Eatery’s zoning approved

Council gives OK to the changes needed

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The Englewood City Council voted 6-1 on Dec. 16 to give second-and-final reading approval to an ordinance which changes the zoning to allow for a Chick-fil-A drive-thru restaurant at Dartmouth and Broadway. The new zoning is for a planned unit development, allowing the project to move forward and be built.

In addition to the zoning change for the restaurant, the council approved on second reading the subdivision amendment to include the vacant land and two houses in the planned unit development that will be included in the project. Zoning for the two areas was previously MUB2 and MURA.

Audra Kirk, Englewood planner, presented the proposal to the city council at the Dec. 16 public hearing. She said the request to rezone the site as a planned-unit development is necessary because the current MUB2 and MURA zoning doesn’t permit a drive-thru restaurant.

“The Englewood Planning and Zoning Commission held a public hearing on the proposal on Nov. 5,” she told the council. “They forwarded the request to the council without conditions.”

The proposal is to demolish the former indoor amusement facility at 3085 S. Broadway and the two houses facing South Acoma Street to create a site for construction of a 4,600-square-foot restaurant facing Broadway.

The restaurant will offer drive-thru and eat-in service. The remaining property will be a parking lot and a lane that can alow for up to 23 cars to line up to go through the drive-thru facility.

Residents raised concerns at the May neighborhood meeting and the November Planning and Zoning Commission Public Hearing about street congestion caused by the additional traffic using the restaurant. Councilmembers raised the same issue at the Dec. 16 public hearing.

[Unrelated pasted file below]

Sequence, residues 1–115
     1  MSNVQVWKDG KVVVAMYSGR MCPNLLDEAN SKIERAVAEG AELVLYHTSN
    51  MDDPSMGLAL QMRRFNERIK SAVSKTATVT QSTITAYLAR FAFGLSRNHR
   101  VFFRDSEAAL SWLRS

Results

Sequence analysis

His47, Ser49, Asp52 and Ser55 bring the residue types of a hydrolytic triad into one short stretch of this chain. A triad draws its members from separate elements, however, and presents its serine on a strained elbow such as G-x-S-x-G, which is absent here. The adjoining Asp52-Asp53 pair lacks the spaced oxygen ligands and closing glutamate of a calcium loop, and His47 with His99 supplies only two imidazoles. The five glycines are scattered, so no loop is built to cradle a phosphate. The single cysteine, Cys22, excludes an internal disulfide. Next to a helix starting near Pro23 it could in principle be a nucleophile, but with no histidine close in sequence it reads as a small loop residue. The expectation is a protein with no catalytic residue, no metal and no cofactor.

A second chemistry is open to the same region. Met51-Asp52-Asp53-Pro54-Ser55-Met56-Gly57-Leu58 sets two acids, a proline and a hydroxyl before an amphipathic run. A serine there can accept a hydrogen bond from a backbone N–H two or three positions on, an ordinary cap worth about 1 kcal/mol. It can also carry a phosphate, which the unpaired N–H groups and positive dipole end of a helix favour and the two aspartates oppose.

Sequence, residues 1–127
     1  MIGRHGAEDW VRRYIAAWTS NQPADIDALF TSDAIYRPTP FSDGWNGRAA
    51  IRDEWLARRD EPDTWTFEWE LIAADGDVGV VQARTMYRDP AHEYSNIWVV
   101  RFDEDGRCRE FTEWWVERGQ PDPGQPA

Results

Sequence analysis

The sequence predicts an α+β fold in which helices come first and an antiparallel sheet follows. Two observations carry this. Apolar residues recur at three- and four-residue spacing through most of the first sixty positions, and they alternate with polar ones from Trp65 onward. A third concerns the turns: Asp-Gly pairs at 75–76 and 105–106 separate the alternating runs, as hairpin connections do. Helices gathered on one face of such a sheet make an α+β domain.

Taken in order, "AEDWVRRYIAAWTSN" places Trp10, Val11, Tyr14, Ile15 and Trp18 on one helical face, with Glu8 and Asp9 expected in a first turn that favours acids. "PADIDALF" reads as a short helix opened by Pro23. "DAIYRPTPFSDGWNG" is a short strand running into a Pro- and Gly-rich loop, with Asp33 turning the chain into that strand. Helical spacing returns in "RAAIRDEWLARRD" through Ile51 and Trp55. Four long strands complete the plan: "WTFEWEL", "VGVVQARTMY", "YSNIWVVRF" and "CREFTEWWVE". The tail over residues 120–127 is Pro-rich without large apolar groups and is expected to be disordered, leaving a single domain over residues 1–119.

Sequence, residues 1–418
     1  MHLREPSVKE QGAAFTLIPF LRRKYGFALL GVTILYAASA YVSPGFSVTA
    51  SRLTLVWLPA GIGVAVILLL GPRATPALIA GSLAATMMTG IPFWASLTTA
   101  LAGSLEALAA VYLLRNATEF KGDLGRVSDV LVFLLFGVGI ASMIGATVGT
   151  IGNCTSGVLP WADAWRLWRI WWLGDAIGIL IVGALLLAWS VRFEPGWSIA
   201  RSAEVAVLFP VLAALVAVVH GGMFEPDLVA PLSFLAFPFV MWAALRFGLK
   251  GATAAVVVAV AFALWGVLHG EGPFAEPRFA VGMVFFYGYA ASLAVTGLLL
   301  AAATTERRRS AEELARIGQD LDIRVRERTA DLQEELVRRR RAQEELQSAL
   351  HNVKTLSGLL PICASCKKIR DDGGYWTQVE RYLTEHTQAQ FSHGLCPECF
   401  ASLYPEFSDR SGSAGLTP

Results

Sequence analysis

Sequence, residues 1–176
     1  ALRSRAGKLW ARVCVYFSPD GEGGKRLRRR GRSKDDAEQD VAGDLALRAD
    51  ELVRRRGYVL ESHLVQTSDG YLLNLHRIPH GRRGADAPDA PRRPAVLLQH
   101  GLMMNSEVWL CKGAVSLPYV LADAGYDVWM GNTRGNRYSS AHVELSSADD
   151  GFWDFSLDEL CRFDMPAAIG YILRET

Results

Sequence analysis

In response to questions from councilmembers, Chick-fil-A representatives pointed to the traffic study conclusion that there will be about 4 percent more traffic in an already congested area. Recommendations include creating or lengthening left-turn lanes in both directions on Broadway and in both directions on Dartmouth. The conclusion is the changes would help but would not solve the traffic congestion in the area.

Another recommendation is eliminating curb parking on the east side of Acoma and possibly installing a stop sign at Acoma and Cornell.

Zell Cantrell of ZC3, project developer, presented an overview of the plan for the site. He said there will be landscaping and a 4-foot brick fence between the parking lot and Acoma. Also, there will be a 6-foot wooden fence and landscaping between the project and the adjacent parking lot to the north.

“We designed the project to keep the restaurant and ordering kiosks as far from nearby residences as possible,” he said. “In response to concerns about the original location for our trash, we moved it to a different location that is further away from the homes to the west and to the north.”

There will be a right-in, right-out access to the restaurant from Broadway and a full access from Acoma. The main drive into the area also is the realignment of the current alley, moving the exit from Dartmouth to Acoma.

Councilmembers raised concerns about separation from residents to the north and asked the north fence material be changed from wood to brick. Chick-fil-A representatives agreed to make the change to the plan.

Following the lengthy presentation about the project by the developer and discussion of the issues, the council opened the public hearing. Chris Diedrich voiced opposition to the project and was the only resident to testify.

Traditionally, the city council doesn’t vote on second and final reading of a proposal on the same night as the public hearing. However, the second reading of the proposal was on the agenda.

Council Member Joe Jefferson proposed postponing the second-reading vote until the Jan. 6 meeting. He said he wanted the additional time to talk to constituents, particularly those living in the area of the proposed project.

His motion to postpone the vote was seconded by Councilmember Linda Olson. The motion failed.

Before the second-reading vote, Jefferson said he would vote against it.

“I will vote no because I want more time to talk with constituents about the proposal and not because I don’t think the Chick-fil-A project will benefit the neighborhood and city,” he said.

The second-reading vote was 6-1. Jefferson cast the only vote against the proposal.

It will be 30 days until the new zoning ordinance is effective. Cantrell said Dec. 18 Chick-fil-A officials plan to complete purchase of the site and apply for demolition permits once the zoning change is in effect. He said the company wants to start demolition so the site can be cleared by spring 2014.